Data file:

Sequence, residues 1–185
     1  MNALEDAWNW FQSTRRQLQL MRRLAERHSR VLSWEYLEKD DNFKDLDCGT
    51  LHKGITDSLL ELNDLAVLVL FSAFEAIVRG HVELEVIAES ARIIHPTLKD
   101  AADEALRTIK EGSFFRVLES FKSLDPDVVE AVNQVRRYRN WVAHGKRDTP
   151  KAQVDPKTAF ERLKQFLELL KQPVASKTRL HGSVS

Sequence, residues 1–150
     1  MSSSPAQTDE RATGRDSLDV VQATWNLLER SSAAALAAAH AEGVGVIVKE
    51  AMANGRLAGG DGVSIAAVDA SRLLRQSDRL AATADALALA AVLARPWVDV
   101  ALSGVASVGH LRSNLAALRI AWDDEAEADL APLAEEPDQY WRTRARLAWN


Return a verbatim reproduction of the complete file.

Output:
Sequence, residues 1–185
     1  MNALEDAWNW FQSTRRQLQL MRRLAERHSR VLSWEYLEKD DNFKDLDCGT
    51  LHKGITDSLL ELNDLAVLVL FSAFEAIVRG HVELEVIAES ARIIHPTLKD
   101  AADEALRTIK EGSFFRVLES FKSLDPDVVE AVNQVRRYRN WVAHGKRDTP
   151  KAQVDPKTAF ERLKQFLELL KQPVASKTRL HGSVS

Sequence, residues 1–150
     1  MSSSPAQTDE RATGRDSLDV VQATWNLLER SSAAALAAAH AEGVGVIVKE
    51  AMANGRLAGG DGVSIAAVDA SRLLRQSDRL AATADALALA AVLARPWVDV
   101  ALSGVASVGH LRSNLAALRI AWDDEAEADL APLAEEPDQY WRTRARLAWN